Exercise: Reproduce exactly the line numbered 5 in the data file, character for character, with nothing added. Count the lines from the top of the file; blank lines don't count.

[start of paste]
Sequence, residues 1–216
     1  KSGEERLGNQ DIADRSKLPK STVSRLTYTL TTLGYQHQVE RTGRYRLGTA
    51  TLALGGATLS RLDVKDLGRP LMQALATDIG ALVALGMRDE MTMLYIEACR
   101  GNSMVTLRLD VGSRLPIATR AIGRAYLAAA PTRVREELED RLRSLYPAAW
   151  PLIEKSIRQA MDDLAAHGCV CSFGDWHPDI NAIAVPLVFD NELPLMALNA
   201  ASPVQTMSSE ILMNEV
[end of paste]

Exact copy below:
   151  PLIEKSIRQA MDDLAAHGCV CSFGDWHPDI NAIAVPLVFD NELPLMALNA